In support of the Blue Plan, environmental justice, and restrictions on polystyrene
Testimony of The Connecticut Audubon Society in support of HJ 1 to adopt the Blue Plan, HB 5103 An Act Requiring an Evaluation of the State’s Environmental Justice Law and SB 99 To Restrict the use And Distribution Of Polystyrene Products Across the State.
February 21st, 2020
The Connecticut Audubon Society thanks the Committee and the sponsors of HJ 1 for proposing this legislative initiative and for the opportunity to support this bill.
The Connecticut Audubon Society strongly supports HJ 1 to adopt the Long Island Sound Blue Plan. The Blue Plan, a draft of which was completed in 2019, is a marine spatial planning effort that gathered science-based and stakeholder/expert-vetted information to map the most important locations for special ecological features and human uses of Long Island Sound. The effort was overseen by an advisory committee composed of state, municipal, industry and non-profit representatives. For more information on this committee, please see: (https://www.ct.gov/deep/cwp/view.asp?a=2705&pm=1&Q=574830&deepNav_GID=1635).
The plan provides a wealth of information for proponents, opponents, regulators, and other interested parties of future projects on Long Island Sound. By compiling this information into a single source it will greatly aid in planning for future uses of the Sound. This will allow key areas to be recognized and taken into account in order to make better decisions now and in the future.
The Blue Plan is not a new regulatory process. The Blue Plan is a vehicle to more quickly identify key resources for review within existing permitting processes, such as the Connecticut Siting Council or Coastal Zone Management Act. Permit review under these programs will undergo the same general processes, but will now have access to the information and standards contained in the Blue Plan. There will not be an additional Blue Plan permit required.
Through the Blue Plan process, a large amount of information has been compiled on where important ecological features and human uses occur in Long Island Sound. The Connecticut Audubon Society was grateful to have had an opportunity to contribute to this process. This information is presented and made broadly available through the Blue Plan documents, including the Long Island Sound Resource and Use Inventory and online map viewer. Using these tools, stakeholders, project proponents and opponents, and permitting authorities all have the same information to evaluate and substantiate more objective and well-informed decisions.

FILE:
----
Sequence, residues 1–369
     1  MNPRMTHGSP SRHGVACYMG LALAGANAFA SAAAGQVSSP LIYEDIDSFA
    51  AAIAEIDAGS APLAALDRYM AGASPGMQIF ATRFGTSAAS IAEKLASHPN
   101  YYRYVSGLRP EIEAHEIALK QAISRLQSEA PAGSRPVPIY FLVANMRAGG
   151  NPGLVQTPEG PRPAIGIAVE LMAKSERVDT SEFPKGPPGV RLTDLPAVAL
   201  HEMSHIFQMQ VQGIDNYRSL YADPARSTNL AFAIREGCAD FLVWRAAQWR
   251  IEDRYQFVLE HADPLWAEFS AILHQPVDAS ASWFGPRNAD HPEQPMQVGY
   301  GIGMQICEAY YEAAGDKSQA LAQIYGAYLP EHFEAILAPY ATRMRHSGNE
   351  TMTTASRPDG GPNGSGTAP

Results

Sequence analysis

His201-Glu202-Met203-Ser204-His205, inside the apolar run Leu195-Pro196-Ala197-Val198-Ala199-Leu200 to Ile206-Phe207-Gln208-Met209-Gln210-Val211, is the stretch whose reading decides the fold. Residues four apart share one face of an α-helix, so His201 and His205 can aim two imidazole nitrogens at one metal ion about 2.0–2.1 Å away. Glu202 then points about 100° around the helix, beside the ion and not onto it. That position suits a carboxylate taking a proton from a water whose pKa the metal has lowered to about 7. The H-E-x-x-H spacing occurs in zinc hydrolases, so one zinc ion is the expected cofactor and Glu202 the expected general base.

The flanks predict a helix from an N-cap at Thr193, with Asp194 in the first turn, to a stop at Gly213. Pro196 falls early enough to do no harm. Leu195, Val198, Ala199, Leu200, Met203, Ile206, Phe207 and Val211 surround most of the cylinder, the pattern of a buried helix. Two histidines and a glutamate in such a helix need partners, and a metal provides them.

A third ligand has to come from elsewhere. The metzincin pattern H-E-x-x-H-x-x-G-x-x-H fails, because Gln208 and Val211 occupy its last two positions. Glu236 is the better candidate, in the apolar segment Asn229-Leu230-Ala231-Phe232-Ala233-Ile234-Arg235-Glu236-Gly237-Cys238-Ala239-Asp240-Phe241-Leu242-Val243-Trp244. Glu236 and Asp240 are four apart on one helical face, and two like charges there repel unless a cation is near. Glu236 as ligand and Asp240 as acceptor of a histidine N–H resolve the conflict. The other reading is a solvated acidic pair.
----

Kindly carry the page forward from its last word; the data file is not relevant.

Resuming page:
Please consider approval of this plan as an important planning tool for the future of Long Island Sound.
The Connecticut Audubon Society also strongly supports HB 5103, “An Act Requiring an Evaluation of the State’s Environmental Justice Law.” We are a conservation organization that works to protect birds and their habitats through education and advocacy; as such, a significant focus of our education efforts is on working in low-income, environmentally-exploited communities. We also work to educate the general public about statewide conservation issues through our advocacy alerts.
The majority of the environmental degradation issues in our state (and beyond), exist in low-income and urban neighborhoods. We believe the onus is on organizations like ours to educate students of all ages about the inherent ecological value of the places and spaces where they live. In addition to their importance to people, urban habitats are also quite important for birds and other wildlife. In fact, our 2018 State of the Birds Report focused on the importance of urban areas to birds and other wildlife.
Our Science in Nature school education program is our K-12 STEM education program designed specifically for our state’s underrepresented students. The majority of the public schools we work with are located in highly urbanized areas, with no safe or easy access to outdoor areas conducive to hands-on environmental education learning related to life and earth sciences. As conservationists focused on habitat restoration, CAS is particularly focused on this need, since these areas have a significant industrial presence, with environmental issues that will require an engaged and scientifically literate community to solve.
Science in Nature’s curriculum incorporates environmental justice themes. Our educators discuss with students the history of human use and impact on low-income and urban communities and emphasize the imperative that the solutions to our most pressing conservation issues requires the participation of everyone and that everyone’s voice matters. We applaud the sponsors of this bill who recognize, as do we, the importance of inclusive conversations; meaningful public participation from all walks of life, particularly in low-income communities with a history of marginalization. HB 5103 would make it a requirement for all members of the public to be aware of proposed development and opportunities for those members to have an informed say about what happens to their communities.
We would also like to express our strong support for SB 99 to restrict the use and distribution of polystyrene products across the state. In the course of our work conserving shorebirds along the coast of Connecticut and at our Coastal Center in Milford we often encounter polystyrene waste. Plastic and polystyrene waste can be detrimental to seabirds and other aquatic life. We support any efforts to reduce such waste in Connecticut.
Thank you for the opportunity to lend our support to these important legislative initiatives.